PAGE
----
Since participating in the renowned Y Combinator programme in the USA, the official corporate headquarters are located in San Francisco. However, the two locations in Austria remain the centres of excellence for research and development – not least due to the strong ties to the University of Klagenfurt. Over the course of two financing rounds in 2016 and 2018, the company was able to secure over 40 million dollars in venture capital from international investors. Most recently, Bitmovin was granted up to 20 million euros by the European Investment Bank to finance research and development as well as investments in sales and marketing in the coming years. Market-oriented, forward-looking product development and research at the cutting edge earn Bitmovin awards time and again, such as the “Phoenix” start-up prize in 2016, one of the most prestigious start-up prizes in Austria, with which the Austria Wirtschaftsservice GmbH (aws), the Austrian Research Promotion Agency (FFG) and the Federation of Austrian Industries (IV) recognise outstanding research achievements and innovative product ideas.

About Christian Doppler Laboratories

In Christian Doppler Laboratories, application-oriented basic research is carried out at a high level, which involves outstanding scientists cooperating with innovative companies. The Christian Doppler Research Association is internationally regarded as a best-practice example for the promotion of this type of cooperation. Christian Doppler Laboratories are jointly financed by the public sector and the participating companies. The primary public sponsor is the Federal Ministry of Digital and Economic Affairs (BMDW).

About the University of Klagenfurt

Since its foundation in 1970, the University of Klagenfurt has successfully established itself as one of six state universities with a broad range of subjects in Austria. More than 11,600 students pursue their studies and research at the University of Klagenfurt; around 2000 of these are international students. Approximately 1,500 employees strive for top quality in teaching and research. According to the QS World University Rankings (“Top 50 under 50”) the university belongs to the 150 best young universities worldwide. In the Times Higher Education World University Rankings 2020, which endeavour to rank the top 1,400 universities across the globe, it placed in the 301-350 range. In the discipline of Computer Science, the University of Klagenfurt achieved third place among Austrian universities in the 201-250 range. One of the university’s key research strengths lies in “networked and autonomous systems”.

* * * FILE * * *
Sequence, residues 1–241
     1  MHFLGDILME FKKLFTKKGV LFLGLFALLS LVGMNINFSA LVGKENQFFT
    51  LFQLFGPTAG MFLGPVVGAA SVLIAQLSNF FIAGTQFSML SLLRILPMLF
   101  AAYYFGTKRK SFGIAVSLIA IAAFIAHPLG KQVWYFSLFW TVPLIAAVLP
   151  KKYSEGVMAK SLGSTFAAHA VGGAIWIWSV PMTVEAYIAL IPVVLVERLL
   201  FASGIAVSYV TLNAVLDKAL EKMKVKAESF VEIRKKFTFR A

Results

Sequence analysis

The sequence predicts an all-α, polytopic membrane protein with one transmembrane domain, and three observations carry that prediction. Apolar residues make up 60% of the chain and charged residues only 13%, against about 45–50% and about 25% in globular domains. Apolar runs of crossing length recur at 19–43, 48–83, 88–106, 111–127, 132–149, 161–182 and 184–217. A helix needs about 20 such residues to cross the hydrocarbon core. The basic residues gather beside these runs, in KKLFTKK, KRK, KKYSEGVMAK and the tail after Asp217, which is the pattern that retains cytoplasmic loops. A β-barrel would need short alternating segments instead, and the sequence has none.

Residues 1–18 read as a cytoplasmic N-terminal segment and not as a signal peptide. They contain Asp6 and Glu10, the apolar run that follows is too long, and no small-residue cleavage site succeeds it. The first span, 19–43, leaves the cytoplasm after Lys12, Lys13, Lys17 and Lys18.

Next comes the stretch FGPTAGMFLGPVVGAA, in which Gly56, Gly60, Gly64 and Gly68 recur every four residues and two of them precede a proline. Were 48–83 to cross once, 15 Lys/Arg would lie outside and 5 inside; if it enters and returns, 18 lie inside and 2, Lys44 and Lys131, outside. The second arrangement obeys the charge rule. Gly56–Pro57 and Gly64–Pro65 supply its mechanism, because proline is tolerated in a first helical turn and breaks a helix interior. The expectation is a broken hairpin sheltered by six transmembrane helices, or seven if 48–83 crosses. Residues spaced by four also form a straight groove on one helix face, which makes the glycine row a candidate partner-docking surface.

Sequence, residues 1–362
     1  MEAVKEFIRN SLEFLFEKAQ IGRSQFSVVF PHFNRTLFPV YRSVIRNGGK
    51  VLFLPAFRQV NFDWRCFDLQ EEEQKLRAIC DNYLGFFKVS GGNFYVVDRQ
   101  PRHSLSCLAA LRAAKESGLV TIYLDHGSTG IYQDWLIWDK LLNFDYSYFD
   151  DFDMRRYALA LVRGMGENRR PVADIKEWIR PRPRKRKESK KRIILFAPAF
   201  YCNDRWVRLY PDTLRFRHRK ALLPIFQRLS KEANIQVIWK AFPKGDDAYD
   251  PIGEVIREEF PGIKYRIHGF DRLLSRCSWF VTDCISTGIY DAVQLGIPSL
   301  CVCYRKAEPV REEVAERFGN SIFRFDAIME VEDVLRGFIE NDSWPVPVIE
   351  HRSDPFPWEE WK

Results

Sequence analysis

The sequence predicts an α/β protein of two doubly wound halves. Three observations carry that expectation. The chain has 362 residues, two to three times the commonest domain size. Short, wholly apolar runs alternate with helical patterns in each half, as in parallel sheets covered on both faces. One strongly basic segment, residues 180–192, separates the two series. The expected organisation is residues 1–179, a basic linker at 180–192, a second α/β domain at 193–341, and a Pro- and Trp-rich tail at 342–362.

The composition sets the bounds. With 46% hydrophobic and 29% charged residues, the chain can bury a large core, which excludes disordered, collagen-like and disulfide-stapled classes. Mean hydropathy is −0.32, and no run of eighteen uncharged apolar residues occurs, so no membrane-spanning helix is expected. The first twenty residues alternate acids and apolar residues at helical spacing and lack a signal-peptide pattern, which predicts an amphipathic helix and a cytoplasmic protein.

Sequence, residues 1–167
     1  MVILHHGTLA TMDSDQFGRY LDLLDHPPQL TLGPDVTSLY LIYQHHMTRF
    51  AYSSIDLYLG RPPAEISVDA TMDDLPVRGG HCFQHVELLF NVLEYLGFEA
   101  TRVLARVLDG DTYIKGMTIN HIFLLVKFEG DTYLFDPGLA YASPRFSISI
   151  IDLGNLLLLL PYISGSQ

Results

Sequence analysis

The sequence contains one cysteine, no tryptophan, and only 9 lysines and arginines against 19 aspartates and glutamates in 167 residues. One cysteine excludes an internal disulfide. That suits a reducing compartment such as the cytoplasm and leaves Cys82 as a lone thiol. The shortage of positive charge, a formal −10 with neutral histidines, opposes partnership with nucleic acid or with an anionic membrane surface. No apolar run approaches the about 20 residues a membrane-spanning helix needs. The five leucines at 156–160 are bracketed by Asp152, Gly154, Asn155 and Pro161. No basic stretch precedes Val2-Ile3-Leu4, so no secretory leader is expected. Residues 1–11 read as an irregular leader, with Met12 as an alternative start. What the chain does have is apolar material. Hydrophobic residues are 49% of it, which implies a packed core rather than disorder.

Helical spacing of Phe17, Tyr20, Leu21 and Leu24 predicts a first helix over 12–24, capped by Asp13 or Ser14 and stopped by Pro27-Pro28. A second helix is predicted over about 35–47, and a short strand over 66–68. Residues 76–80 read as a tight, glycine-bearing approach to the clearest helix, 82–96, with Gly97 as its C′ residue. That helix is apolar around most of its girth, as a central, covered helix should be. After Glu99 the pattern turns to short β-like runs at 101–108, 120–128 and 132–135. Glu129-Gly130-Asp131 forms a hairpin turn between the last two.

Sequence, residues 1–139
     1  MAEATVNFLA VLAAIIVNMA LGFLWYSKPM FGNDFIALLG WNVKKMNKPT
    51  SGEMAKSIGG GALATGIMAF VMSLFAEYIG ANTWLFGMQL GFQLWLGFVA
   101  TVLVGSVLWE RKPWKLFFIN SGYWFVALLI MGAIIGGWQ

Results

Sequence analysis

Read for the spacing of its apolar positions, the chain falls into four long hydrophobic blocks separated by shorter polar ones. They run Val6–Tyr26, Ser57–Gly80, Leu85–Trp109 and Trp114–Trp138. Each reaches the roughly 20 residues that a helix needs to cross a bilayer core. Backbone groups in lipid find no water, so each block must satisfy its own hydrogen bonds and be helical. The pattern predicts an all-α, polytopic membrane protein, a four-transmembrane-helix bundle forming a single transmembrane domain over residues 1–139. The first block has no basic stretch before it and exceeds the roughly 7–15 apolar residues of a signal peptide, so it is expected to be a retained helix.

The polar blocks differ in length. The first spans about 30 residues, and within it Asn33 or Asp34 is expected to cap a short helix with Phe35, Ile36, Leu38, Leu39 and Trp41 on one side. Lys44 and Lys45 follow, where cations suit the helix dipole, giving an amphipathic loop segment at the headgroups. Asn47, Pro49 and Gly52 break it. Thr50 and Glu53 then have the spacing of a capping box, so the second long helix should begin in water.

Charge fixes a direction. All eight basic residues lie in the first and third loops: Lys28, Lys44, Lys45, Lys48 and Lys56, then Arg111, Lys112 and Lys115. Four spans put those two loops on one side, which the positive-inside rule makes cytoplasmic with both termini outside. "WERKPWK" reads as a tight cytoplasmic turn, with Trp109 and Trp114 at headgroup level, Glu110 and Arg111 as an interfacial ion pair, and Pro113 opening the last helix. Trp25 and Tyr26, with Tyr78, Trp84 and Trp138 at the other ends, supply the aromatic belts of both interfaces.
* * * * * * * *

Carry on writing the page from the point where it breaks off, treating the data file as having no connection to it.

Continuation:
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Einladung zur Eröffnung des Christian Doppler Labors ATHENA (Adaptive Streaming over HTTP and Emerging Networked Multimedia Services)

An der Universität Klagenfurt wird das CD Labor für Adaptive Streaming over HTTP and Emerging Networked Multimedia Services eingerichtet. Die Mission des Labors ist die Erforschung neuer Tools und Methoden für die Codierung, den Transport und die Wiedergabe von Live- und On-Demand-Videos mithilfe des HTTP-Adaptive-Streaming-Verfahrens. In Christian Doppler Labors wird anwendungsorientierte Grundlagenforschung auf hohem Niveau betrieben, hervorragende WissenschaftlerInnen kooperieren dazu mit innovativen Unternehmen. Für die Förderung dieser Zusammenarbeit gilt die Christian Doppler Forschungsgesellschaft international als Best-Practice-Beispiel. Christian Doppler Labors werden von der öffentlichen Hand und den beteiligten Unternehmen gemeinsam finanziert. Wichtigster öffentlicher Fördergeber ist das Bundesministerium für Digitalisierung und Wirtschaftsstandort (BMDW). Wir laden Sie herzlich zur feierlichen Eröffnung des CD Labors ein.

PROGRAMM
Begrüßung
Eröffnungsworte von Oliver VITOUCH
Rektor der Universität Klagenfurt
Grußworte von Ulrike UNTERER
Vertreterin des Bundesministeriums für Digitalisierung und Wirtschaftsstandort
und Vizepräsidentin der CDG
Grußworte von Martin GERZABEK
Präsident der Christian Doppler Forschungsgesellschaft
Grußworte von Gerhard FRIEDRICH
Dekan der Fakultät für Technische Wissenschaften
Grußworte von Hermann HELLWAGNER
Institutsvorstand des Instituts für Informationstechnologie
Vorstellung des CD Labors
Präsentation von Labor und Forschungsprogramm
durch Christian TIMMERER, Laborleiter
Präsentation des Industriepartners Bitmovin
durch Stefan LEDERER (CEO und Co-Founder)
und Christopher MÜLLER (CTO und Co-Founder)
Zeit: Dienstag, 21. Jänner, 14.00 Uhr
Ort: Hörsaal A, Universität Klagenfurt

Einladung als PDF

Um Anmeldung wird gebeten (E-Mail: pr@aau.at)

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DCC’20: Fast Multi-Rate Encoding for Adaptive HTTP Streaming

Fast Multi-Rate Encoding for Adaptive HTTP Streaming

Data Compression Conference 2020, March 24 – 27, Cliff Lodge, Snowbird, UT